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December 1, 2020

How to Invite Team Leads to Be More Visible

by Wendy Ryan in Blog Roll, Leadership

In any growing organization, it’s important for team leaders to be visible. On the surface, this serves a practical purpose: the CEO simply can’t be the provider of and answer for all things, so team leaders can help fill that gap.

More importantly, coaxing team leads into more visible leadership fosters stronger communication, engagement, culture and purpose throughout the organization. And it sets up the leadership team to take on a bigger role and, ultimately, grow beyond the organization.

Start With an Invitation

Will the people you would like to become your team leads naturally volunteer? They may or may not. For many reasons, people often don’t – particularly if they, and more than 70% of your current board members and your leadership team are not womxn, BIPOC and/or openly LGBTQ++. The implicit message they tend to receive is that “You don’t belong in this role, at this level, etc.”

Extending an invitation for people to become more visible, therefore, is really important. Aside from the identities an individual may hold, the other key part of inviting people is letting them in on your vision. Sometimes, as a leader we can see possibilities for the future that our team members cannot yet see. We may have earlier access to information about upcoming initiatives inside the company, or more industry experience that helps us appreciate their talents, or a bigger network from which we are exposed to more external information, as well.

If they’re on a growth S curve, you don’t want them to derail. Know where they are in their journey and start the conversation with them so it can percolate. Once they’ve had time to think about where they are and where they want to go, check in with them to work together to make a plan and set time goals.

Provide the Support They Need

Not every person is the same or approaches their job in the same way. As their leader, it’s important to encourage them to grow and develop in the way that works best for them to thrive, not you.

Some leaders are careful, deliberate and conscientious. They do all their research and homework first, to really understand what good looks like. It’s OK to make space for that.

Others like to jump in with both feet and learn by doing. They may make a mistake and need some compassion, and that’s OK, too. When you trip and skin your knees, you pick yourself up, attend to any issues and keep going.

Whatever their process is, it’s important to help them evolve into more visible leadership in the way that works for them. Remember, this is their next step.

Help Reluctant Leaders

What if a team leader feels resistant to stepping up and becoming more visible? Offer suggestions and encouragement, while giving them the grace and space to think about it.

One of our team leaders needed three months to accept a new role that had been offered to them in the Kadabra organization, but it was important that they have this time because I wanted them to be at the table. If this is a good next step for them, they’ll figure that out and be 100% committed. Some people might benefit from an agreed-upon deadline to make a decision.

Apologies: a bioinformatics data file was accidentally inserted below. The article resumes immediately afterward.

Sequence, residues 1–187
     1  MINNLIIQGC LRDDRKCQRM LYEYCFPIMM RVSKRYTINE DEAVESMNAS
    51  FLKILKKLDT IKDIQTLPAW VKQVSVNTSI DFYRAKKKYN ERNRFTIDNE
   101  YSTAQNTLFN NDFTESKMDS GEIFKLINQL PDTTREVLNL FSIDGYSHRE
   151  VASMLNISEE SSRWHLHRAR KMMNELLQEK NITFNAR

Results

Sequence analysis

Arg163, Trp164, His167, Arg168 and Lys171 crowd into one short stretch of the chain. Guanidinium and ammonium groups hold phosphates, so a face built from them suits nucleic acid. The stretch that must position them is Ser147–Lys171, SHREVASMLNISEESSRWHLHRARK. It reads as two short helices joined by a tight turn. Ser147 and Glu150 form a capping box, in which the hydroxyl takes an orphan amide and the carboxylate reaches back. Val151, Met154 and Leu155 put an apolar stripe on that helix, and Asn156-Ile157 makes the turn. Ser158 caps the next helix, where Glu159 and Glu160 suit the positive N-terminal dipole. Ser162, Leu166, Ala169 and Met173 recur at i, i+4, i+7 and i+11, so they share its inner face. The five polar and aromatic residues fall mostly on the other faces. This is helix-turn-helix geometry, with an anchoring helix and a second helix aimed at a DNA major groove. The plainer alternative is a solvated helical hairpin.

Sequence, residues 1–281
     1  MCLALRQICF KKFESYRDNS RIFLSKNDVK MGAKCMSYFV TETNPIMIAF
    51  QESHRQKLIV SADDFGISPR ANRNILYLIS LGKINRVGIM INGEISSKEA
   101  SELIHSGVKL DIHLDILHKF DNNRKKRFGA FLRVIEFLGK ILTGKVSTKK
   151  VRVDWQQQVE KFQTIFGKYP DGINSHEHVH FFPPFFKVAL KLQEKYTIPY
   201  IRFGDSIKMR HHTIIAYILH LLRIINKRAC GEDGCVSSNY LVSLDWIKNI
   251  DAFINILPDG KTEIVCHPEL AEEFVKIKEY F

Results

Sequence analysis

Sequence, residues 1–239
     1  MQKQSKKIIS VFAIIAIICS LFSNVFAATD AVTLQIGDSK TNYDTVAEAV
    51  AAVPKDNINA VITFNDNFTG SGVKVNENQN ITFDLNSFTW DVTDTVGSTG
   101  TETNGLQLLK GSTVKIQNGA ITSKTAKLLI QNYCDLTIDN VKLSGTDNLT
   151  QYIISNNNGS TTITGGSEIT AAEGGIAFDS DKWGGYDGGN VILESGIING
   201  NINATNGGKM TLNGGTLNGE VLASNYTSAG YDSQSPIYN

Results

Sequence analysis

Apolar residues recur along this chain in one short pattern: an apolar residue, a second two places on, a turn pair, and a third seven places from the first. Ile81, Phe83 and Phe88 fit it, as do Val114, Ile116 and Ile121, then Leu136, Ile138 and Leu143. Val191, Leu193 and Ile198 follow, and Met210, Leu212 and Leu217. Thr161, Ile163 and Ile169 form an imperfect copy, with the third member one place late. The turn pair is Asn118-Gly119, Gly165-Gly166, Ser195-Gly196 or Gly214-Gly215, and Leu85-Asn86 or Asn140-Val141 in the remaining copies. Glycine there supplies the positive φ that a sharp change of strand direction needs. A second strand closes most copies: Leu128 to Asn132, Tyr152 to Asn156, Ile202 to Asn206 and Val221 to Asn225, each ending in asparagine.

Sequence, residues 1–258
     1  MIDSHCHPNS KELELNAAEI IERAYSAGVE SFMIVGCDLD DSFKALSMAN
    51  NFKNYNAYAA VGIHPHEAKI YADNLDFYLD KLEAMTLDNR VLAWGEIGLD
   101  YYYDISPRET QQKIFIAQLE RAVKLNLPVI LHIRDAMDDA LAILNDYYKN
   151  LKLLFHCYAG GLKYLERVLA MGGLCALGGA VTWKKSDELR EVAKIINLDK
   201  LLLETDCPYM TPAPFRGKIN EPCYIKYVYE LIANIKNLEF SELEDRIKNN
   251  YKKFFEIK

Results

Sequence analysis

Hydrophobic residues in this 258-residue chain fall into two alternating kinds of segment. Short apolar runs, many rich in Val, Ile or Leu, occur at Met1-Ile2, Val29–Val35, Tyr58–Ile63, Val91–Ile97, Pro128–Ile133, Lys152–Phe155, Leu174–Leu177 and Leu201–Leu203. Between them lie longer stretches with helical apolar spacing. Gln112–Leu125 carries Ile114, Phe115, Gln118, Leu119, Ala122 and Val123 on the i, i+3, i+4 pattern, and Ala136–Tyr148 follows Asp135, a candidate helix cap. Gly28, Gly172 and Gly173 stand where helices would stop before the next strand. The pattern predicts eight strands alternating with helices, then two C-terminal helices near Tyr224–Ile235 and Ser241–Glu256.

Let Go of Fear

A good leader works to find and appreciate the unique potential and gifts in people, and plants the seeds early to give them the possibility to grow.
Great leaders aren’t fearful that their team members will surpass them. In fact, they make a point to hire people smarter and more talented than they are. And then they help them grow even more.

Some people may end up ‘better’ than you—that’s fantastic. If everyone on the team becomes better, smarter, wiser or more talented, that’s only good news for you and the organization. If you aspire to a higher level of leadership in your organization than where you are now, keep in mind that your ability to grow and develop outstanding talent is valuable currency.

In fact, a big compliment to any leader is when you’ve contributed in a meaningful way to someone’s growth and development. Helping them on their journey is a thrill.

See the Big Picture

The truth is that the shelf life of top talent is only about four years. Then they’ll likely be off to the next thing. That’s true for most people, especially in the first two-thirds of their careers.

If we have that in our minds from the get-go, it changes how we think about their abilities and growth trajectory.

While they’re with you, it’s your responsibility as a leader to help them grow into that new role—and make the most of the time you have with them.

Plan for Them to Leave

As much as you appreciate them and pour into them, most team members won’t stay with you forever. Rather than see that as a sign of failure, see it as part of the natural process and plan for it.

Have candid conversations with team members about what their next step is. It may be within this organization, or it may be somewhere else.
Planned transitions are much easier than abrupt ones. Rather than waiting for someone to job hunt and give two weeks’ notice, help everyone plan and adapt so the transition is organized.

When we let go of managing people as if they will stay their whole careers, it frees us from uncertainty and puts us in a different (and better) perspective.

Appreciate the Flow

Sometimes, people go away and then come back. That can be wonderful. Every organization benefits from expanded life experience, seasoning and well-roundedness of team members. People don’t get all of that in one organization.

This is why the natural flow of allowing a leader to grow within the organization through elevated visibility–both internally and externally–is so important. Foster that growth now and make a plan for more.